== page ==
Statehood for DC?

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Statehood for DC?

Last week, the House of Representatives, on a purely partisan basis, passed H.R. 51, “An act to provide for the admission of the State of Washington, Douglass Commonwealth into the Union”.

Some of the arguments for statehood are about the merits of the case: 

  1. taxation without representation with DC residents paying more taxes than residents of 22 other states, 
  2. DC would not be the least populous state, but instead be the 3rd after Wyoming and Vermont, 
  3. the desire of DC residents to become a state (~85% is in favor)
  4. the argument that it is racist to deny voter rights to the one area that happens to have the largest Black constituency in the nation with almost 47%. 

Some of the arguments against statehood are also about the merits: 

  1. DC would be more than 17 times smaller than the next smallest state (Rhode Island), 
  2. DC is specifically mentioned in the constitution and therefore DC statehood cannot be done legislatively (by Congress) but must be done through a constitutional amendment.
  3. DC would be different from every other state as it would not have any rural areas, would not be self-sufficient but depending on surrounding states.

However, most of the discussions are about the political implications and motivations: the 2 reliably Democratic senators that would come from the new state, tipping the balance of power in the senate from a precarious 50/50 split today to a 52-50 advantage for the Democrats. Which explains the passage of H.R. 51 entirely along party lines.

We asked our users to weigh in and gave them five answers to pick from:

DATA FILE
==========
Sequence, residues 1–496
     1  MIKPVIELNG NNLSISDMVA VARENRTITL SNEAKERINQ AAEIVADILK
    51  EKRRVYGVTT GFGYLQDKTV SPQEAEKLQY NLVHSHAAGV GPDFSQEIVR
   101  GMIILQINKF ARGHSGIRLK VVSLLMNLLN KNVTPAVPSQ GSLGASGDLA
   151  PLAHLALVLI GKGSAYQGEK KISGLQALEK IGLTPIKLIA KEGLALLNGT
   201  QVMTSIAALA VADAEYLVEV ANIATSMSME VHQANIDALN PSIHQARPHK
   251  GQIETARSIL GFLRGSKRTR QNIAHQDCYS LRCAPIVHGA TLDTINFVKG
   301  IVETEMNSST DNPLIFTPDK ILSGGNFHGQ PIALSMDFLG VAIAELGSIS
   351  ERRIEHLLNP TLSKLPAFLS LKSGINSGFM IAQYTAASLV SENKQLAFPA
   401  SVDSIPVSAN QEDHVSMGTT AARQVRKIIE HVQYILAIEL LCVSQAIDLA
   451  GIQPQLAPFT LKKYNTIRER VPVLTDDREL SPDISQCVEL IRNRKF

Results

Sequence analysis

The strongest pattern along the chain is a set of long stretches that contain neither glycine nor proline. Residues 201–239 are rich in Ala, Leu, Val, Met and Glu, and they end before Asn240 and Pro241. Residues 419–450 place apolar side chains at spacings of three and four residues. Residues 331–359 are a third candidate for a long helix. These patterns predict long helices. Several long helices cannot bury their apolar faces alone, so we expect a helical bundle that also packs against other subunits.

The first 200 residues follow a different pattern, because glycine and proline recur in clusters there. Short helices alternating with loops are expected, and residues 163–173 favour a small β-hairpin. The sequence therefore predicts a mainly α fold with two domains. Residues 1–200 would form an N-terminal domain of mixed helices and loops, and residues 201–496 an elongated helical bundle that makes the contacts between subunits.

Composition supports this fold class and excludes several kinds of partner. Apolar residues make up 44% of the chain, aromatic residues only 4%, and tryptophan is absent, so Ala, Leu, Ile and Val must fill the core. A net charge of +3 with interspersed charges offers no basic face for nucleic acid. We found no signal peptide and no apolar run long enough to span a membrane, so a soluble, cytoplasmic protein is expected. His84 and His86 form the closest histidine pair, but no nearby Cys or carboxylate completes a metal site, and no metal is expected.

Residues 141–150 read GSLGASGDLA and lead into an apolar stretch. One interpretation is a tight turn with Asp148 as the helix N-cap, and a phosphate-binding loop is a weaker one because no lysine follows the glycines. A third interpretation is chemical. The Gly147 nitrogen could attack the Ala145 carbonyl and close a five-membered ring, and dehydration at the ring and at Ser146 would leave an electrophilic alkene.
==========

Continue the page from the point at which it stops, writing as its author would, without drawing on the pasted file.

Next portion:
• DC should become a state with full benefits, including 2 senators and a representative in the House.
  • DC should get voting rights, as if it were a state, as stated in the non-ratified 1978 amendment.
  • Most of DC (except the small portion that contains the White House, Capital Hill, the Supreme Court etc.) should become part of Maryland (as it was before 1790), which will add no senators, but increases the number of representatives for Maryland by 1.
  • The current situation should be maintained.
  • DC should not be granted statehood and the 23rd Amendment should be repealed and their electoral votes removed.

It turns out that 60% of the nation is in favor of giving the population of DC full representation in Congress, including their 2 senators. Of those 60%, ¾ chooses full statehood, while the other ¼ favors just the voting rights. The Maryland option is supported by about 1 in 6 voters.

It is not lost on the voters that DC would be the first state with a larger Black than White population and this could possibly explain the significant support (5 out of every 6) among Black voters for full statehood, and 9 out of 10 for full representation in Congress.

The partisan divide is significant, but not as polarized as in Congress: 75% of Democrats support DC full representation (either through statehood or the 1978 amendment), while 38% of Republicans support at least the Voting Rights, although only a small group of those support full statehood.

All in all, DC Statehood remains a complicated issue which, if passed in the 50/50 divided Senate and signed into law by President Biden, will likely end up at the Supreme Court. With that, there seems no need to pre-order your 51-star version of Old Glory just yet.

Join in our next poll and add your voice